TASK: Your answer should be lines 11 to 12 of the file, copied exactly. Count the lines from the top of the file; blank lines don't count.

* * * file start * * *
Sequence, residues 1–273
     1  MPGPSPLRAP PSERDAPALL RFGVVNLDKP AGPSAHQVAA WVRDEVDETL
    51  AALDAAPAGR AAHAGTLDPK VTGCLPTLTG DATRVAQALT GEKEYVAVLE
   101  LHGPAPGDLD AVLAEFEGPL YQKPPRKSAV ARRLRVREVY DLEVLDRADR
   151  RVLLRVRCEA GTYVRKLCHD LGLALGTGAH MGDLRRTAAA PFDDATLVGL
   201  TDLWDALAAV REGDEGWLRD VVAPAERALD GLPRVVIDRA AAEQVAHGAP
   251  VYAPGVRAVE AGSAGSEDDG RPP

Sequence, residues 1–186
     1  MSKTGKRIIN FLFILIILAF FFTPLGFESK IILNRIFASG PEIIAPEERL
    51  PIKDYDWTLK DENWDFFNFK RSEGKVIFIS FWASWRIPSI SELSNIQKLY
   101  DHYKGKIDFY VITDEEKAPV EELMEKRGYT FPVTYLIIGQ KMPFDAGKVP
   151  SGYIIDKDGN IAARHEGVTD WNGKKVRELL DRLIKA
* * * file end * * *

   101  DHYKGKIDFY VITDEEKAPV EELMEKRGYT FPVTYLIIGQ KMPFDAGKVP
   151  SGYIIDKDGN IAARHEGVTD WNGKKVRELL DRLIKA